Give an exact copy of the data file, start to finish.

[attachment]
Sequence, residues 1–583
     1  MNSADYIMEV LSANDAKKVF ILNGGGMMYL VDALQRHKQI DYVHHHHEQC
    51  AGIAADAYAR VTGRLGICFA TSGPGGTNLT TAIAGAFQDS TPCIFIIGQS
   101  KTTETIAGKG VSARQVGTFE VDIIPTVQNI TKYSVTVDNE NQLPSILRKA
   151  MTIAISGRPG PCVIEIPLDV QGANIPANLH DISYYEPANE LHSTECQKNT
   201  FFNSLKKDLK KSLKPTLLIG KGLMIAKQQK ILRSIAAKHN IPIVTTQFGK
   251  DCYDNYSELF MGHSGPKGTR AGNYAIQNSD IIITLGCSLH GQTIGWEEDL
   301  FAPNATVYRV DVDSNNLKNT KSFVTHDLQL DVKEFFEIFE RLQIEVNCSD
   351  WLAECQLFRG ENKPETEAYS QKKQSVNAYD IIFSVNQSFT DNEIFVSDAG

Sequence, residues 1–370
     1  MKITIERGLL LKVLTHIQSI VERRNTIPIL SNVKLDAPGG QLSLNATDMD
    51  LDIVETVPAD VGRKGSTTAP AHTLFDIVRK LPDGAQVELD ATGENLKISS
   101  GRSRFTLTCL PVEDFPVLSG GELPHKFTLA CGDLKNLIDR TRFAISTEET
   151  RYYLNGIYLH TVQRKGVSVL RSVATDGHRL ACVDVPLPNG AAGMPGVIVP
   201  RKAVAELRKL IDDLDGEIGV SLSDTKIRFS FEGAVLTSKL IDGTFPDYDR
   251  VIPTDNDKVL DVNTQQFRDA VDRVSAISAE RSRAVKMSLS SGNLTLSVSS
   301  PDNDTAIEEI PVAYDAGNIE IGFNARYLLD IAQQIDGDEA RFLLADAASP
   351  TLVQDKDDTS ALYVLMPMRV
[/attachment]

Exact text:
Sequence, residues 1–583
     1  MNSADYIMEV LSANDAKKVF ILNGGGMMYL VDALQRHKQI DYVHHHHEQC
    51  AGIAADAYAR VTGRLGICFA TSGPGGTNLT TAIAGAFQDS TPCIFIIGQS
   101  KTTETIAGKG VSARQVGTFE VDIIPTVQNI TKYSVTVDNE NQLPSILRKA
   151  MTIAISGRPG PCVIEIPLDV QGANIPANLH DISYYEPANE LHSTECQKNT
   201  FFNSLKKDLK KSLKPTLLIG KGLMIAKQQK ILRSIAAKHN IPIVTTQFGK
   251  DCYDNYSELF MGHSGPKGTR AGNYAIQNSD IIITLGCSLH GQTIGWEEDL
   301  FAPNATVYRV DVDSNNLKNT KSFVTHDLQL DVKEFFEIFE RLQIEVNCSD
   351  WLAECQLFRG ENKPETEAYS QKKQSVNAYD IIFSVNQSFT DNEIFVSDAG

Sequence, residues 1–370
     1  MKITIERGLL LKVLTHIQSI VERRNTIPIL SNVKLDAPGG QLSLNATDMD
    51  LDIVETVPAD VGRKGSTTAP AHTLFDIVRK LPDGAQVELD ATGENLKISS
   101  GRSRFTLTCL PVEDFPVLSG GELPHKFTLA CGDLKNLIDR TRFAISTEET
   151  RYYLNGIYLH TVQRKGVSVL RSVATDGHRL ACVDVPLPNG AAGMPGVIVP
   201  RKAVAELRKL IDDLDGEIGV SLSDTKIRFS FEGAVLTSKL IDGTFPDYDR
   251  VIPTDNDKVL DVNTQQFRDA VDRVSAISAE RSRAVKMSLS SGNLTLSVSS
   301  PDNDTAIEEI PVAYDAGNIE IGFNARYLLD IAQQIDGDEA RFLLADAASP
   351  TLVQDKDDTS ALYVLMPMRV